Lesson 2: War’s End: Promises of the Revolution
After completing this lesson, students will be able to:
- Analyze the economic and political challenges Americans faced at the end of the American Revolution
- Compare and contrast the concerns of the Confederation Congress with the concerns of army soldiers at the end of the war
- Compare and contrast the economic and political reality at the end of the war with soldiers' expectations
- Discuss the weakness of the Articles of Confederation that became apparent with the end of the war
- Explain the significance of the Newburgh Conspiracy
- Describe what life was like for the people in this scene
- Examine and analyze primary source materials
- Interpreting visual information
- Observing and describing
- Thinking critically
- Expressing opinions
- Analyzing visually
- Understanding historical perspective
- Gathering and using information
- Interpreting information
In this lesson, students learn that amidst the relief, the pride and
the hope for freedom and prosperity that accompanied American’s
winning the war, the US had to confront a variety of serious problems
and challenges, most immediately, the demobilization of the army. The
scene is set at West Point, NY, where a group of men from a Massachusetts
regiment is being demobilized.
|Major General Friedrich Von Steuben, Pennsylvania
Academy of Fine Arts, Philadephia, PA
||War’s End, ©2008 Bryant
||Thomas Foster, © 2008 Bryant
As the Revolutionary War ended, the army, the citizens, and
the Confederation Congress faced a variety of economic and political
challenges, most significantly, how to demobilize peaceably the
thousands of soldiers who made up the Continental Army and whose
pay was in arrears. The Congress adopted a variety of policies
to deal with this situation—policies which had great impact
on soldiers and citizens alike. In the aftermath of the war,
soldiers’ economic and political reality compared unfavorably
to their expectations.
Preparing to Teach
- Familiarize yourself with the Articles of Confederation, ratified
in March of 1781, especially articles 8, 9 and 12. These can
be found in the Artifacts & Documents section
of the website. Search for manuscripts with a keyword of “Articles
- Familiarize yourself with the War’s End historic scene,
linked to from the Historic
Scene menu. Read the three tabs,
then roll your cursor over the highlighted hot spots in the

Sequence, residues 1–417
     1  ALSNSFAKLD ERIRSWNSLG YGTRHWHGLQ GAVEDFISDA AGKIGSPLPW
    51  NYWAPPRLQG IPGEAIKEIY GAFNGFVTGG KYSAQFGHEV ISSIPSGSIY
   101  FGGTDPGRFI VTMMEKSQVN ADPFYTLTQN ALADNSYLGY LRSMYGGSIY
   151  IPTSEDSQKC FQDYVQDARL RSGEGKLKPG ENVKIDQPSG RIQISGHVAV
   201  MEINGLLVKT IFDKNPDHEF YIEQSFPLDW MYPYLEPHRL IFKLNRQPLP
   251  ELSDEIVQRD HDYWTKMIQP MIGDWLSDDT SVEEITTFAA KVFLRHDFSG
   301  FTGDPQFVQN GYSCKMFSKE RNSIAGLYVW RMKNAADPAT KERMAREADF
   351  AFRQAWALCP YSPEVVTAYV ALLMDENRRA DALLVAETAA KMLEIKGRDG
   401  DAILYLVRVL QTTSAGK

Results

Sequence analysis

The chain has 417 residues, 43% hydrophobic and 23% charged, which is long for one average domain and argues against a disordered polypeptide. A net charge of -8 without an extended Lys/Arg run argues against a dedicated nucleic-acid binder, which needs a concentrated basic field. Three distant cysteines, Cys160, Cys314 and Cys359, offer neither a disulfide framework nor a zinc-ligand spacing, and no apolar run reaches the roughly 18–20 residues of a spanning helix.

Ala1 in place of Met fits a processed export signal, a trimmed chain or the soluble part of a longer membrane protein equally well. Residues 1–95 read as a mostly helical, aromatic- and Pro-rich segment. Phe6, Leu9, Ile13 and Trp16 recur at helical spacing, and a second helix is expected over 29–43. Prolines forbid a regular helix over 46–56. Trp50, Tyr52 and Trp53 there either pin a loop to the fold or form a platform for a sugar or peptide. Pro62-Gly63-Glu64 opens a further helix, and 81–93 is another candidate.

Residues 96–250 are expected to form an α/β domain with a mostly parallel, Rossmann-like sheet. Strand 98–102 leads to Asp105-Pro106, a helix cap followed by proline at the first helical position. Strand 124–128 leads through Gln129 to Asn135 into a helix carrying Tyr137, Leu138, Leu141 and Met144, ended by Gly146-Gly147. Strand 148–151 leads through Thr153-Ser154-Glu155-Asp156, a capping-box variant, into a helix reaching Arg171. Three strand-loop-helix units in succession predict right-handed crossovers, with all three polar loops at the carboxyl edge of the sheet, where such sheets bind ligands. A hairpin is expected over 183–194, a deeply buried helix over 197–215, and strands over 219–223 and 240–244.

illustration. Note that you can show all hotspots by clicking
the Bullseye icon beneath the illustration on the left. Follow
the links in the rollovers. Below the illustration and the
tab content, read the four OBSERVER comments, the four essays
in the THEMES section, and follow the links in the RELATED
TO THIS SCENE section.
- Familiarize yourself with the Library of Congress’ Using
- Although not explicitly referred to in the lesson, you can
incorporate selections from the Timeline and Music section
into the lesson.
Teaching the Lesson
- Class Assignment: Prior to the one or two class periods spent on this lesson, make the following assignment. Divide the class into two sections, one representing the Government/Confederation Congress, and one representing the Army. Assign each group the following website preparation:
Class Activity: Ask the Army to sit on one side of the room and the Government to sit on the other side. Select one student to write notes on either a flipchart or blackboard at the front of the room. Label one side of the notes “Army” and one side “Government.” Draw a line vertically between the two.
- Both Groups: Go to the Artifacts & Documents section
of the website. Search for the Articles of Confederation.
Pay particular attention to Articles 8, 9 and 12. Go to the
War’s End historic scene from the Historic Scene
menu. Read the Overview tab, the rollovers in the illustration,
the observer comments, and the four essays in the theme section.
Note that rollovers for each tab differ from each other.
- Government/Confederation Congress Group: Read the Government tab;
roll your cursor over the rollovers within the illustration and read
the text. Pay particular attention to the observer comments of George
Washington, Robert Morris, Friedrich von Steuben, and James Madison
(Note: Washington and Madison have character narratives; you may want
to assign specific students to read narratives so they can speak as